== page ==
Information on cover crops, including clover, wheat, canola, rye and hairy vetch, diversified grazing systems, no-till farming, managing soils and a crop adviser study guide. Tips on cover crop control and extending grazing season with brassicas.
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Learn how to improve your farm's soils and increase profitability through no-till, cover crops and crop diversity in this discussion-driven workshop.
Cover crops offer multiple benefits from soil conservation to weed suppression. To reap benefits, the ideal planting time is mid-August to mid-September.
By Sjoerd Willem Duiker, Ph.D., CCA, Ron Hoover
The seed delivery system in drills is not as precise as that used in planters because they use flutes or sponges to meter seed instead of seed singulation.
By Dwight Lingenfelter, William S. Curran, Ph.D.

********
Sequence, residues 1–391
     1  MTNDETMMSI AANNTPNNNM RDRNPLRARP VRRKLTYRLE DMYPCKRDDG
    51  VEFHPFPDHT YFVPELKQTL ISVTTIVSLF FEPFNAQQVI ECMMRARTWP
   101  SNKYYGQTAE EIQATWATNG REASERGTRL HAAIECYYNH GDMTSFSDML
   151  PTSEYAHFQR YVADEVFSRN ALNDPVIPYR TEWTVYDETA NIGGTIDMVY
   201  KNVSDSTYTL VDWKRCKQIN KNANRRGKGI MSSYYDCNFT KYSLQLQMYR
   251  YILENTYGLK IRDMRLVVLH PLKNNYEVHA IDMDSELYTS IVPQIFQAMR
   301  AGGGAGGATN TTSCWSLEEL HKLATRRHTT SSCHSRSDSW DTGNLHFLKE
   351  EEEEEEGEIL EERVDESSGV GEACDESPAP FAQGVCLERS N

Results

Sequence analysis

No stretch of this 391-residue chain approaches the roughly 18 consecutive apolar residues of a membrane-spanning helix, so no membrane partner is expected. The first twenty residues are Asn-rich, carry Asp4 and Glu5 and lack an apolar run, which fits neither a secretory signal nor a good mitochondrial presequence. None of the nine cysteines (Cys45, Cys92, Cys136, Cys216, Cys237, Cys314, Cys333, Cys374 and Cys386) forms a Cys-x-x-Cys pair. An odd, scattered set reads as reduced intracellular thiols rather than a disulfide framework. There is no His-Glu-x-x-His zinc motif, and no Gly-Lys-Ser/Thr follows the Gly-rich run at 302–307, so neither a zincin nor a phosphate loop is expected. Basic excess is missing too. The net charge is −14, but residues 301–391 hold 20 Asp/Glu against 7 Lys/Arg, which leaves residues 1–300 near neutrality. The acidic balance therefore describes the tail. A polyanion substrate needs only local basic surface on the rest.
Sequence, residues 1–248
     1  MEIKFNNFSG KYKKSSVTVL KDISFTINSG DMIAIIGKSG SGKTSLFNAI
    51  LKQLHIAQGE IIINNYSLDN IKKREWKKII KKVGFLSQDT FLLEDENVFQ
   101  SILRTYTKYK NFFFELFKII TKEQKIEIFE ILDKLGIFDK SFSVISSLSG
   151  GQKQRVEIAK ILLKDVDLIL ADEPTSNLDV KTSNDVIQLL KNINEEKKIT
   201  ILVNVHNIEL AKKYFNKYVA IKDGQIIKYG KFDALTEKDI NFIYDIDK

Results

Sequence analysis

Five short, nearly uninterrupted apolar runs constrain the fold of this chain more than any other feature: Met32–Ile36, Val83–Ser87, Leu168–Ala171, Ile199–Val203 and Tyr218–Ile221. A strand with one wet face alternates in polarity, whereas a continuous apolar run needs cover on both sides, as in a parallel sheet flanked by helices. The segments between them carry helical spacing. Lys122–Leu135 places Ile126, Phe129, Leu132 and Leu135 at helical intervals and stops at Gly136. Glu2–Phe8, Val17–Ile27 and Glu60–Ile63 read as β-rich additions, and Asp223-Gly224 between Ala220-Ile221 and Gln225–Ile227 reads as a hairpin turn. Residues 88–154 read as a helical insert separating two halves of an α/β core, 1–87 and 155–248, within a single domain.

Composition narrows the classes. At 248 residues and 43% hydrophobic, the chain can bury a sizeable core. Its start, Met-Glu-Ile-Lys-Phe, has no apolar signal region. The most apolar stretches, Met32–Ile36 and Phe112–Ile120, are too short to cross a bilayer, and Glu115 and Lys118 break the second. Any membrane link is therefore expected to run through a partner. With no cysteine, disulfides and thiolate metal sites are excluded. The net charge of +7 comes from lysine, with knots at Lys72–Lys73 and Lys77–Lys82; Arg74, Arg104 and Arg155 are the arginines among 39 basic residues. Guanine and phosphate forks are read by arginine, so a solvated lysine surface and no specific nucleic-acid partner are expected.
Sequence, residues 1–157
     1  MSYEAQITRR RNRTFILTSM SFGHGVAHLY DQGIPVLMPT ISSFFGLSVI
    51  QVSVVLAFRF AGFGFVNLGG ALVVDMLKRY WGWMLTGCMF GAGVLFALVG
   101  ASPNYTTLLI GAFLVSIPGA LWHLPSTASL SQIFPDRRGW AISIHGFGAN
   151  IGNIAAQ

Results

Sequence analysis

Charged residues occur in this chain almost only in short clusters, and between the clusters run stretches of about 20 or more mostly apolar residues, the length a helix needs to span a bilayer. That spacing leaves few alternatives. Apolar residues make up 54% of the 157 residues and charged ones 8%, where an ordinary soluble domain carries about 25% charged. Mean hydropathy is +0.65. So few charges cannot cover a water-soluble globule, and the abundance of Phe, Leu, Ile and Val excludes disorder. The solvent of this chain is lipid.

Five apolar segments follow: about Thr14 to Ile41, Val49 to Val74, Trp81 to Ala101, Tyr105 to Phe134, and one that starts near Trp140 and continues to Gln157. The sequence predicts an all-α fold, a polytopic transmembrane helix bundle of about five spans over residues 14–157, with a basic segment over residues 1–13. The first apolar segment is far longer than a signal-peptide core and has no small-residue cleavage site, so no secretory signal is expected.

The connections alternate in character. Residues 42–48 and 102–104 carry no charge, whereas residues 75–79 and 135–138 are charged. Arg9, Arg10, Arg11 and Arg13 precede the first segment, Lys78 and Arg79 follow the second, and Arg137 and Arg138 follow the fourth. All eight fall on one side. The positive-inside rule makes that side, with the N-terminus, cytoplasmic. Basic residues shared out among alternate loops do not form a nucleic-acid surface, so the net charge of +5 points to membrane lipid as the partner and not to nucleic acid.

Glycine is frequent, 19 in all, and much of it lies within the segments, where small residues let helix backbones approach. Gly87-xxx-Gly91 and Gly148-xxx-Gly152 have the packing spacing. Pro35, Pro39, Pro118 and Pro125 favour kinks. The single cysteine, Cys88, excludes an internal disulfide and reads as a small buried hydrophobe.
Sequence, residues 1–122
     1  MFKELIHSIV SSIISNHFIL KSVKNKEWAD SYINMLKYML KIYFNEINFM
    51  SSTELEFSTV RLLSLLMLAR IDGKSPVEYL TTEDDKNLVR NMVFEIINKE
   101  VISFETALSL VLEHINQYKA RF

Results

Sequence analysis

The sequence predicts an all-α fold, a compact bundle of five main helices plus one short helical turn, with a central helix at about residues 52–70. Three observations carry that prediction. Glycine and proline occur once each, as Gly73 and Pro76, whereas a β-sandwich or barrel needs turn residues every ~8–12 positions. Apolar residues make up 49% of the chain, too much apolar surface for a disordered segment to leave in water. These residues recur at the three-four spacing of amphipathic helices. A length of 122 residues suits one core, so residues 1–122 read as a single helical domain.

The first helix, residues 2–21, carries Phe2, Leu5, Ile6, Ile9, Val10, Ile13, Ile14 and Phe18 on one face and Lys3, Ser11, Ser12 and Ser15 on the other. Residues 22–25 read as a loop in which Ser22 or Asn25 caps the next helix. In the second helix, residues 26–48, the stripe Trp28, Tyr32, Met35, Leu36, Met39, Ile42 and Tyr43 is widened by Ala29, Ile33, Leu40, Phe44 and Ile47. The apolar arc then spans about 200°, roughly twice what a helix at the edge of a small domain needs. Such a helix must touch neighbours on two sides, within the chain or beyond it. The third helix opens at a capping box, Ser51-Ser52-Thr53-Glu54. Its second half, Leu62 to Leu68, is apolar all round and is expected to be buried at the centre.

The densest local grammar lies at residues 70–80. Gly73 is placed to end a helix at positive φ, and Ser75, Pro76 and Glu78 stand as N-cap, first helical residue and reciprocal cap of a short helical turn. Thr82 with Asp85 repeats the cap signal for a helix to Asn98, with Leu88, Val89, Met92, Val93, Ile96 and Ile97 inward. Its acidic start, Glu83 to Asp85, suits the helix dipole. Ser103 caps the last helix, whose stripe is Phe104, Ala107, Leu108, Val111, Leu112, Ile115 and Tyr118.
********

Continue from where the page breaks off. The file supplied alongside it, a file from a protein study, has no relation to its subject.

The question about whether corn or soybean herbicide programs will pose a problem for establishing fall cover crops has become a common.
By Sjoerd Willem Duiker, Ph.D., CCA, William S. Curran, Ph.D.
Red clover is a short-lived perennial that is winter hardy throughout Pennsylvania.
By Sjoerd Willem Duiker, Ph.D., CCA
Hairy vetch is an annual leguminous cover crop that is winter hardy throughout Pennsylvania if established in a timely manner.
By Dwight Lingenfelter, William S. Curran, Ph.D., Lyn Garling
Cover crops can cover the soil to protect against soil erosion; improve the soil by adding organic matter, nutrients, and stability; and scavenge leftover nutrients.
Red clover (Trifolium pratense L.) is grown throughout the northeastern United States for forage and is used in rotations for soil improvement.
White clover (Trifolium repens L.) is a short-lived perennial that can reseed itself under favorable conditions, grows rapidly, and spreads via stolons.